Just when I thought I was done with Sundance, I get a comment from a reader posing several questions that seem not only thoughtful but relevant. So allow me to take up one more column here to answer them.
The reader's name is Dennis Hermanson, from Hillsborough, N.C., and he refers to himself as "a guy who loves film, and has never been" to Sundance. Responding to my description of my Sundance experience - in which I seemed to spend all my time either watching movies or in line to watch movies - he asks: "Why can't you see the films in a way that allows you to study them? Or is the audience an integral part of the commercial aspects of the event itself?" And then he adds: "It just seems that serious film critics/writers such as yourself are really put through a wringer, almost on purpose."
The idea of studying a film while watching it for review seems a little foreign, if by studying, he means taking the time to watch it over and over or to examine and reexamine key scenes. I've always felt that the critic should write a film review from a viewing experience comparable to what the audience will see. In other words, most people who buy a movie ticket don't see the movie twice - or stop, rewind and restart on a DVD - when they see it.
Ideally, the critic is watching with the same intensity of purpose as the filmmaker had when he was making the film. I didn't agree with the late Pauline Kael about much, but I did concur when I heard her say one time that she never sees a movie twice before reviewing it because the audience doesn't have that opportunity. Hopefully, my review is describing my experience in a way that's helpful for the viewer.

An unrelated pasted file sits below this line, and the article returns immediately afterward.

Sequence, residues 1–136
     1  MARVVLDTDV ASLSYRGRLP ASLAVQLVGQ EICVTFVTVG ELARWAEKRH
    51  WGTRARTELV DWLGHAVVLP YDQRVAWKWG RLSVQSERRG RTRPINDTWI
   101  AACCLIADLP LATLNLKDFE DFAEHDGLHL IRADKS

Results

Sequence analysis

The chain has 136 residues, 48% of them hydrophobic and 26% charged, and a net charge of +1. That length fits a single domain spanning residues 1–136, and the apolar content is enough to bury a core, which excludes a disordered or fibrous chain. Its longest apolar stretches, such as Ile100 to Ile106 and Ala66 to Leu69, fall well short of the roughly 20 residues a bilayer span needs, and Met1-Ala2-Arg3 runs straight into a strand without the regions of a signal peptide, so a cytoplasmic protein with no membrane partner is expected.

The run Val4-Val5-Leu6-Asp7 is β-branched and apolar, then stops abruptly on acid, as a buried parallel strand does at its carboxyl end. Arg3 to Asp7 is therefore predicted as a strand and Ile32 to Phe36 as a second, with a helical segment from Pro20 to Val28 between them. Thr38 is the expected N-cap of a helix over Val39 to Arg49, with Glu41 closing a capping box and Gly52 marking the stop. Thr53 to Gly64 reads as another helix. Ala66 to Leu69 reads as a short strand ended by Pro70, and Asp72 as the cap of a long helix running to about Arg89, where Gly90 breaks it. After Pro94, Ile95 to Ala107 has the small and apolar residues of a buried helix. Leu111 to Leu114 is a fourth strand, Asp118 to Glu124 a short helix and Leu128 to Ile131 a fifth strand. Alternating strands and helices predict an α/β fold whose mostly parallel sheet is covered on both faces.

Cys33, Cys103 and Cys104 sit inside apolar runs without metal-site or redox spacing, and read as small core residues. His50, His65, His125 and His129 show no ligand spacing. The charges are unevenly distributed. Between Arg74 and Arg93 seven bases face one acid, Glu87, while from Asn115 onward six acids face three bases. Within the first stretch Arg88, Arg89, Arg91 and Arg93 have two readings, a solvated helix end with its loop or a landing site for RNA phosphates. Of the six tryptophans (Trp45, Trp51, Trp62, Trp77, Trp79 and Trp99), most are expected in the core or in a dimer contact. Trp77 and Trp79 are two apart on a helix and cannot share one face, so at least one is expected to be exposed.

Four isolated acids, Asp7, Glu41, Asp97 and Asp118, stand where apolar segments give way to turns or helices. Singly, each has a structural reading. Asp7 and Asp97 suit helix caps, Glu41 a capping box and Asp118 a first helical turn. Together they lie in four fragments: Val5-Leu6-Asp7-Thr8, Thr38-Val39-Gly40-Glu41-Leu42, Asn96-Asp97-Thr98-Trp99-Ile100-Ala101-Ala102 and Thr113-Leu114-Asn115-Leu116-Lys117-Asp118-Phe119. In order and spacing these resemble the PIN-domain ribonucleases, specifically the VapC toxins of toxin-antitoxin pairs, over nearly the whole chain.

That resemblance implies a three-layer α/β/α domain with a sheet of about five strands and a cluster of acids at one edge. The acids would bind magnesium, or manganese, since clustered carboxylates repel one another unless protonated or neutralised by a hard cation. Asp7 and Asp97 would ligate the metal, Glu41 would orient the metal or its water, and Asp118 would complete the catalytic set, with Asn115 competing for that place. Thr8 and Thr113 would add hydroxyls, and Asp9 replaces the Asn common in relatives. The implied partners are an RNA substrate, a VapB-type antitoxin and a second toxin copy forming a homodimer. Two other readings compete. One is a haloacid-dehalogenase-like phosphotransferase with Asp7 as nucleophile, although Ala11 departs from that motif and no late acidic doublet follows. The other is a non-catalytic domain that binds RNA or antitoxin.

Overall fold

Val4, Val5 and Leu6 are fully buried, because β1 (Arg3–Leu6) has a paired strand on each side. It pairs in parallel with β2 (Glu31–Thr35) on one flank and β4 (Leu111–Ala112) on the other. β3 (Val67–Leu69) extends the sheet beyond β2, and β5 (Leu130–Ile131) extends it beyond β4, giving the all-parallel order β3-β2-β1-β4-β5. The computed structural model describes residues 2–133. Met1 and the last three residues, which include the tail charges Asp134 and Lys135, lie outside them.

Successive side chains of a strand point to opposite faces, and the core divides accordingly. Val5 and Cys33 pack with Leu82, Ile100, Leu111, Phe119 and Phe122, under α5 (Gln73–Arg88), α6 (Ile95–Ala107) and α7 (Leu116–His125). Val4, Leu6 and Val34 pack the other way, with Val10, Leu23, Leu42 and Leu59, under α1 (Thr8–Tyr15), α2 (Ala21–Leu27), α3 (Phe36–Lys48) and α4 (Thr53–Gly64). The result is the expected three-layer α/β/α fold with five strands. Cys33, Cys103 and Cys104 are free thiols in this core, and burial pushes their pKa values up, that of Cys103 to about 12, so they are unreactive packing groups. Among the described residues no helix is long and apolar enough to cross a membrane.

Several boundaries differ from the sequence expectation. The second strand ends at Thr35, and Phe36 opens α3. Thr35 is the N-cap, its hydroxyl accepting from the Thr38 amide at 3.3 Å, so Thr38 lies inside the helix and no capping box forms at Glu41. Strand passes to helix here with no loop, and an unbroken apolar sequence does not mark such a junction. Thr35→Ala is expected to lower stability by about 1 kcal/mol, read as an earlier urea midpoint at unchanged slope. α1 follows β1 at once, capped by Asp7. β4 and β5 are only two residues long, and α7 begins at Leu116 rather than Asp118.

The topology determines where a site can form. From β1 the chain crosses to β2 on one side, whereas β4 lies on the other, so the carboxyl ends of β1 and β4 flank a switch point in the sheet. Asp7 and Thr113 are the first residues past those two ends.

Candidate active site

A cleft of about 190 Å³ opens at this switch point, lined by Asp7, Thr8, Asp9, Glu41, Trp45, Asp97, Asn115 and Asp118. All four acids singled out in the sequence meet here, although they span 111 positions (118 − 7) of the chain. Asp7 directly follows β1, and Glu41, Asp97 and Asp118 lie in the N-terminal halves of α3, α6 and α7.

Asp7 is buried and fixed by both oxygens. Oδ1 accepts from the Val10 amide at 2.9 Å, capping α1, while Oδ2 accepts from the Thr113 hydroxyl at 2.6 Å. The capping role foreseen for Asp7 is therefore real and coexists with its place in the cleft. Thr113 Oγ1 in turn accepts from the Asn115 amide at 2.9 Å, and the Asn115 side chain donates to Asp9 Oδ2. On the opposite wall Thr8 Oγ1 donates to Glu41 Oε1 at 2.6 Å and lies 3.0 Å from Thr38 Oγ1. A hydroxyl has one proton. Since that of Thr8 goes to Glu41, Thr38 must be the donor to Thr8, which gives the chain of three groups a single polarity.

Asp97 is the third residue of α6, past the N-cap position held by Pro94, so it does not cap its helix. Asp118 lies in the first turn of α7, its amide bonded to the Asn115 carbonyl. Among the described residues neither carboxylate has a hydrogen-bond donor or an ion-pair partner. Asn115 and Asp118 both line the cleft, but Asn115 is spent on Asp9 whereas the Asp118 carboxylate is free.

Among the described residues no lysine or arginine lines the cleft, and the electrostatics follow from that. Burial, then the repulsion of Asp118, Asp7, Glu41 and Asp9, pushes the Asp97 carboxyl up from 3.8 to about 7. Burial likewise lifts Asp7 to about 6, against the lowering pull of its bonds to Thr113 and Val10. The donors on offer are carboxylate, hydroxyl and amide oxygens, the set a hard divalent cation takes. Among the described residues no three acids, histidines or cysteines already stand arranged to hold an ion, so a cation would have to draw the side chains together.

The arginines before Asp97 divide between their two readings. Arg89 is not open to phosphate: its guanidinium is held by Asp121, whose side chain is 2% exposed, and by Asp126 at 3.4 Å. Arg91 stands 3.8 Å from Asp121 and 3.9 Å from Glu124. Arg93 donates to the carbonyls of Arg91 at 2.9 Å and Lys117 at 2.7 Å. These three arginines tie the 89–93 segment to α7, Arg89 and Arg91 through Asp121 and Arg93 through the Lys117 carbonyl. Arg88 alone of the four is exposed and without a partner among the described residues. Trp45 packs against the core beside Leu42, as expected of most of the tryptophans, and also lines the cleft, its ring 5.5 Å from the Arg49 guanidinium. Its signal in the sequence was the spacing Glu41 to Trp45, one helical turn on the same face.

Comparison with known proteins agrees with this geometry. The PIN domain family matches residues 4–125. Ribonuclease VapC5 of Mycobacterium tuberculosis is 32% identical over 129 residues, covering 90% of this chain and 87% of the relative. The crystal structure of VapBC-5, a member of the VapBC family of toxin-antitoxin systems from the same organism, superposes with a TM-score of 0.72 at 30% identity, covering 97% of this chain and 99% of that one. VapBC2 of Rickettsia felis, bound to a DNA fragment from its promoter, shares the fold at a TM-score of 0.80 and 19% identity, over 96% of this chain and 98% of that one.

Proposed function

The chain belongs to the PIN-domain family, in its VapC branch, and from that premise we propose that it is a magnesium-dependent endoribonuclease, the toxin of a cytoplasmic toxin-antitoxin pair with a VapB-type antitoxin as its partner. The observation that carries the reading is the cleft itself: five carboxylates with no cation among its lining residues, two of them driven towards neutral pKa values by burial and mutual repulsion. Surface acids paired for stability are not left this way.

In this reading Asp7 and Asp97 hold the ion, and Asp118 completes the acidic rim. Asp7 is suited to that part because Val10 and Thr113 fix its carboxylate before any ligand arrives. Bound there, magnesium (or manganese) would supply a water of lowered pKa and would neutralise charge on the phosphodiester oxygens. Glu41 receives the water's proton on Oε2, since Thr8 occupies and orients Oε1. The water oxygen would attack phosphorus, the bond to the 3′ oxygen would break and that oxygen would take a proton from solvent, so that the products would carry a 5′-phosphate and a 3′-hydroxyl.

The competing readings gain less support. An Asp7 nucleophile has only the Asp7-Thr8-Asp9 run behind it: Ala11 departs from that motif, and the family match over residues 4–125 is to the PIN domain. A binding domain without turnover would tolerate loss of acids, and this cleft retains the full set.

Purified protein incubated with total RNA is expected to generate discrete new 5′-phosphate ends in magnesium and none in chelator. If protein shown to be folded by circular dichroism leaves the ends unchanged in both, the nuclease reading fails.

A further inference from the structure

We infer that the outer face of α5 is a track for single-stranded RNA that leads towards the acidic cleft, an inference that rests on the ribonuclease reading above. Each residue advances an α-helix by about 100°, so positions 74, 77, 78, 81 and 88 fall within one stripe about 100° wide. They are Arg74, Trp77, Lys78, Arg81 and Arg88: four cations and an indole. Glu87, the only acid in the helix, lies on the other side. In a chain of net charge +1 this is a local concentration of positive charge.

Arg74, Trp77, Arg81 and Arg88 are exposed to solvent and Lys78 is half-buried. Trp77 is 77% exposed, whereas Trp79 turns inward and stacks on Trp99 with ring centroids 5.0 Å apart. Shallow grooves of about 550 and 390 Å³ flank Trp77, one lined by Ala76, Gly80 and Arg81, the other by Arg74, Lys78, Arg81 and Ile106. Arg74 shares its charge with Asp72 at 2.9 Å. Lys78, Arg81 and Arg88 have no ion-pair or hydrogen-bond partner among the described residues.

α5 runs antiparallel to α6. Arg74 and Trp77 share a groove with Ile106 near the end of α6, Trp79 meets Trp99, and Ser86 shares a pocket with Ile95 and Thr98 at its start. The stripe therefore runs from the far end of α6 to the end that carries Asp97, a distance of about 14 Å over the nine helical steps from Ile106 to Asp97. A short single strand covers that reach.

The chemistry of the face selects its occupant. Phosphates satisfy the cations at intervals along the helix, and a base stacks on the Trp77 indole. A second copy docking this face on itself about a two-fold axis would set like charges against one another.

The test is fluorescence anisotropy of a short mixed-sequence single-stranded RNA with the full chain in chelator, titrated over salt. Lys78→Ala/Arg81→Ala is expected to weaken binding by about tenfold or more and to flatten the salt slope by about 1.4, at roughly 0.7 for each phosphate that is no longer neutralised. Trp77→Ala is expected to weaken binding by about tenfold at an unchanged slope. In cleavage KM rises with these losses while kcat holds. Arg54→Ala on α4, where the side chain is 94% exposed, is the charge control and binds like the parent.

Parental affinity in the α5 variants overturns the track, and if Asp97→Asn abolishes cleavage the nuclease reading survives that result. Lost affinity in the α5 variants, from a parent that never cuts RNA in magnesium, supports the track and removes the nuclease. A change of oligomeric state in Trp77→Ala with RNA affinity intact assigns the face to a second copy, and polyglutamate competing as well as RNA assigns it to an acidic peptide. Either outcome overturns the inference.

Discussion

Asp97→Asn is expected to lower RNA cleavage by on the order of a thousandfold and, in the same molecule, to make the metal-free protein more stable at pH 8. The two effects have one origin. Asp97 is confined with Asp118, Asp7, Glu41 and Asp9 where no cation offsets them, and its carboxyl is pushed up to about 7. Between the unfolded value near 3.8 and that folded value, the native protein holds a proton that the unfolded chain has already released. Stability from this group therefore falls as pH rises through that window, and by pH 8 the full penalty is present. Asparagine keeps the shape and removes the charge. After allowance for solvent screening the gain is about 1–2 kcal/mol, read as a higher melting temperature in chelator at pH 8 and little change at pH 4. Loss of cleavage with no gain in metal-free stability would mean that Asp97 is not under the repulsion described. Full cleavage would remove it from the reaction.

As for watching with an audience, well, I'm not reviewing the audience. I can only write about my reaction - not the audience's. Film companies seem to believe that forcing critics to see their films at "all-media" screenings - in which critics watch the film with ordinary film-goers who got free tickets to see an advance showing - will somehow change the way a critic experiences a film. It doesn't.
At Sundance (or Toronto, for that matter), I'm either seeing a film in a theater full of press and industry people or with a festival audience. And those audiences can be as sophisticated - and as harsh - as any group of critics.
And "put through the wringer"? Well, that's the nature of a festival, in a sense, whether it's a music festival - with one act after another - or a theater festival, with one play after another. The idea is to immerse yourself in the work; hopefully, the good ones stick with you and the bad ones don't.
Dennis also asks: "Would you get on a ... list and get or download copies of all the films without going to Sundance if you could?"
To be honest, yes.
This commentary continues on my website.